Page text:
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Delegates: InvestorForum Vancouver, a smashing success

It’s all courtesy of Diamond sponsor Vision Investment Properties, which helped bring together more than 350 professional real estate investors for Canadian Real Estate`s first major event in Western Canada, at Vancouver’s Convention Centre.

 

Each was treated to first-class seminars featuring some of Canada’s greatest names in real estate, including Don Campbell, author of the newly released Secrets of the Canadian Real Estate Cycle; Philip DuMoulin, star of the hit TV series Urban Suburban; Peter Kinch, author of The Canadian Real Estate Action Plan; Dan and Nikki Hall, the twin brother-sister team of the W Network series Sibling Rivalry.

A real treat was the InvestorForum’s keynote speech, say the vast majority of attendees, calling Olympian-turned real estate entrepreneur Cary Mullen a moving and compelling speaker.

He took delegates on a journey through his 10-year career as a top athlete competing in international downhill ski tournaments. The presentation included video highlights of him capturing the gold in World Cup downhill competition in 1994 and setting a world downhill speed record of 156 kilometres per hour in Kitzbuhel, Austria.

Mullen outlined the ways they can apply his own training lessons to their own investment careers, the subject of his popular book How to Win.

The challenge for delegates, he said, is to overcome their fear and to “lunge forward” into their next business venture, taking their portfolios to that next level. It’s not unlike what Mullen did when he started out investing in Canadian residential properties. He’s now developed a 250-unit resort on the Pacific coast of Mexico near the city of Puerto Escondido.

In an attempt to capture some of the Forum’s most memorable moments, Canadian Real Estate has provided a brief summary of some popular sessions.

Campbell debunks real estate myths
Don Campbell, president of the Real Estate Investment Network, stepped on to the stage during the first day of the conference to dispel some widely held myths about real estate investing.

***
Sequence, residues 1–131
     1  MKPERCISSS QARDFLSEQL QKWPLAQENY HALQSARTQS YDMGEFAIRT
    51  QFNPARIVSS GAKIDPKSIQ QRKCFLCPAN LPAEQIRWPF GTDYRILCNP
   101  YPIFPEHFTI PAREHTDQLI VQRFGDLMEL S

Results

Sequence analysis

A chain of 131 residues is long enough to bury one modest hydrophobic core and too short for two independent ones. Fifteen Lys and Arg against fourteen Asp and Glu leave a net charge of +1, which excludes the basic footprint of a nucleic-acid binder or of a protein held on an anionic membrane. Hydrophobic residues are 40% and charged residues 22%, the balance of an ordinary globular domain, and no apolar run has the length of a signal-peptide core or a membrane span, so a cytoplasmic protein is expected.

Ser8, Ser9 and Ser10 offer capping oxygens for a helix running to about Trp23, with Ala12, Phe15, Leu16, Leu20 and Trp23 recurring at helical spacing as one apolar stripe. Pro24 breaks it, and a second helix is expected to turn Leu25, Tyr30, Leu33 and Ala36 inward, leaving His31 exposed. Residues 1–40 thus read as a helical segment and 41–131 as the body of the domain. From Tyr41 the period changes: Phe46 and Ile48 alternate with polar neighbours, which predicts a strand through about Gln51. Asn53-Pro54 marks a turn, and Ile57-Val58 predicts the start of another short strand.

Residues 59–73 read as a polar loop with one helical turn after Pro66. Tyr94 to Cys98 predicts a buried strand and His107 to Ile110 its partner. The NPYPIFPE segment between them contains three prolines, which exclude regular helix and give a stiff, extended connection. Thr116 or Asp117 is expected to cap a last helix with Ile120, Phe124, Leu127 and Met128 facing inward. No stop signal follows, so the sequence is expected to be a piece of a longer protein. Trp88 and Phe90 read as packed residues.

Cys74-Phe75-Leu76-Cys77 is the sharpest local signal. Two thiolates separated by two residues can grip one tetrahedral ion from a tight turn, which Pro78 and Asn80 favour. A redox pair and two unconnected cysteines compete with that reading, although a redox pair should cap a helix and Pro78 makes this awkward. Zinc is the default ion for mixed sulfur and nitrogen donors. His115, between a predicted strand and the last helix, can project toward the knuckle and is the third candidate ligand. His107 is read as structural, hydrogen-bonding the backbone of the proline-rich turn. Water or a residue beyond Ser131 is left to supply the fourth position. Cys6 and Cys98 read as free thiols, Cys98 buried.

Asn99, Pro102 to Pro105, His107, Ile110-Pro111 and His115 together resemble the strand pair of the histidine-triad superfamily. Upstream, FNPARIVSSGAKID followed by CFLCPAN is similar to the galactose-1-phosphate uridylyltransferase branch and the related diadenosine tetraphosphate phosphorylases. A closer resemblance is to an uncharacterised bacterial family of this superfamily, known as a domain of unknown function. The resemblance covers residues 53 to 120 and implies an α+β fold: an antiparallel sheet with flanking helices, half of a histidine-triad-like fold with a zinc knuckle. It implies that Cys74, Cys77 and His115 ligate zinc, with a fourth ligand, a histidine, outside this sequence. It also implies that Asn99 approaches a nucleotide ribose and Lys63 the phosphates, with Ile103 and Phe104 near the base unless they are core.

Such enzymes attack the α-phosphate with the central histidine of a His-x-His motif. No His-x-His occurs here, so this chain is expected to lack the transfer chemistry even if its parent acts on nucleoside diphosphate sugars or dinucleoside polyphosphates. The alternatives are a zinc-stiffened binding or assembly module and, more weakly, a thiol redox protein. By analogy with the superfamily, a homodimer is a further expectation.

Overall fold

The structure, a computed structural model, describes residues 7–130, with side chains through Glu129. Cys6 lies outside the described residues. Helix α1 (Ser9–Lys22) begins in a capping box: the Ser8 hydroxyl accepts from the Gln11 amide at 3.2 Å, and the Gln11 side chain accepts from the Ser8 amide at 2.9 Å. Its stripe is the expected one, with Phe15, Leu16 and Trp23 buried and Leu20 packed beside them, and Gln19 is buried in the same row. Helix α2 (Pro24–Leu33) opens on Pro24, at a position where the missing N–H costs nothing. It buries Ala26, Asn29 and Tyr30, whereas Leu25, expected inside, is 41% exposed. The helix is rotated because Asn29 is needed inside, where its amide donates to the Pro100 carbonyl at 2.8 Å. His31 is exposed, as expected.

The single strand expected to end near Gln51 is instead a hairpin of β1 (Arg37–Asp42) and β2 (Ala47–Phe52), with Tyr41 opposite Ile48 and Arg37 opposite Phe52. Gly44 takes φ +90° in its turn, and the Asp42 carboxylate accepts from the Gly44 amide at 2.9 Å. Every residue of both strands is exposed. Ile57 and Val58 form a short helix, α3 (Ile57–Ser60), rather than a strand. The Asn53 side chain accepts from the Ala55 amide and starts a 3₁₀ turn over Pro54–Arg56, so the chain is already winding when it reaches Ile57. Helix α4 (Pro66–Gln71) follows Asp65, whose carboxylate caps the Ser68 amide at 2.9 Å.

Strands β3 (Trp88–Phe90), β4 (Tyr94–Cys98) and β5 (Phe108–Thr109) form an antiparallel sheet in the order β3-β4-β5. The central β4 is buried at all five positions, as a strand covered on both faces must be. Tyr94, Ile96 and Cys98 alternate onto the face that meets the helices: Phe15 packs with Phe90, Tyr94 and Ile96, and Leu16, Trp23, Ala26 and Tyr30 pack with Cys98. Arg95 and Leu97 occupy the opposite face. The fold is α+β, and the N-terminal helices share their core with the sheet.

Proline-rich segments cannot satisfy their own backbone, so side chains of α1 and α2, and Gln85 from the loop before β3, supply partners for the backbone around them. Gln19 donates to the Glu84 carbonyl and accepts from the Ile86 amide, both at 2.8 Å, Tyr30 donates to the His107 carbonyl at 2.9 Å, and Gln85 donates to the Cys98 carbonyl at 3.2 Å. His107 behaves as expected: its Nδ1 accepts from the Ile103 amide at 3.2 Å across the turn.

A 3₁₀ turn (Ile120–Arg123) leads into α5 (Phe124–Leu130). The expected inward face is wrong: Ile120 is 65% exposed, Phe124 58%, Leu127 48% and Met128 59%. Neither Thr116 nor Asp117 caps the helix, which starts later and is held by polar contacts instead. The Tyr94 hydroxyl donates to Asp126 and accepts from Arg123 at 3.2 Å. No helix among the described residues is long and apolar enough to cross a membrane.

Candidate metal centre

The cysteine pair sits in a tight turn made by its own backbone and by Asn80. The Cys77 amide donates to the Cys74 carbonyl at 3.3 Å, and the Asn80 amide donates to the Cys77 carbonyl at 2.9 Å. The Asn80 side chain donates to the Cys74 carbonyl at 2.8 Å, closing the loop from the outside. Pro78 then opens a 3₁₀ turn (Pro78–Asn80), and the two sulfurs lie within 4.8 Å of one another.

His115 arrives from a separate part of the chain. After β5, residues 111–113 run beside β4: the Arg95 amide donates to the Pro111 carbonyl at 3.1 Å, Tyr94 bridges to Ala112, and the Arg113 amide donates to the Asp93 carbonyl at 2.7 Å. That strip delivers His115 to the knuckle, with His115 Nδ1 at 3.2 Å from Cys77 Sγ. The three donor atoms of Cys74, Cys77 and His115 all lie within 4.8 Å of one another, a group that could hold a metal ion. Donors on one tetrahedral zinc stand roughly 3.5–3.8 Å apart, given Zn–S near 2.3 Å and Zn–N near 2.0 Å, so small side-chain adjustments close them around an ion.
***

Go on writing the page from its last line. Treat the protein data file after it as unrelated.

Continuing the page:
The first myth he took aim at was the seemingly blind belief many investors have in the plethora of statistics reported daily in the media, which include average prices, monthly sales and days on market.

In fact, Campbell even argued against focusing on housing starts. All too often the media gets wrapped up in reporting the next doomsday for the Canadian real estate market, based that long-term opinion on the very short-term fluctuations in the annualized rate of housing starts.
He told delegates they only need to worry about housing starts if the number falls below 197,000. They current sit 205,000.

Campbell told delegates to turn off the noise and start focusing on what really matter: economics.

In order to do that, however, Campbell homed in on another myth perpetrated by the get-rich-quick gurus; that is, the old cliché, “location, location, location.” Really, investors really need to stop focusing on aesthetics and the hunt for the next cheap neighbourhood.

“It has nothing to do with the price,” said Campbell, the owner of 171 investment properties. “Cheapness is not investing. If you’re looking at price you’re way behind me, and you’re way behind sophisticated investors.”

To find the right market, Campbell said investors only need to keep three key things in mind:
•    timing,
•    transitions
•    tactics.

Timing means understanding real estate cycles, while transitions refer to the major stages of that cycle, and, of course, tactics refers to the strategies used to deal with each cycle.   

Campbell said investors who understand these three factors and use his “momentum formula,” which begins with looking at gross domestic product (GDP), employment and population growth, will be 18- to 24 months ahead of other real estate observers and the media, who remain obsessed with average prices and monthly sales statistics.

“These are the three things that you must have in a long-term sustainable real estate market,” Campbell said. “You must have economic growth. You’ve got to have job growth, and you’ve got to have population growth, because if you don’t have those three things supporting the market it doesn’t matter the price of that property is.”  

Campbell told delegates committed to investing in Canada to smile. After getting back from a European tour last fall, Campbell said he was happy to report that bankers, investors and economists on that continent believe that even in a global economic slump Canada will reign supreme because of the country’s strong resource base.

That’s because the strength of Canada’s natural resource sector will steam ahead, especially in the production of what Campbell terms the “Four Fs”:

1.    food,
2.    fuel,
3.    fertilizer and
4.    forestry.  

“We are going to be over the next decade the safe and secure suppl(ier) of the four Fs.”

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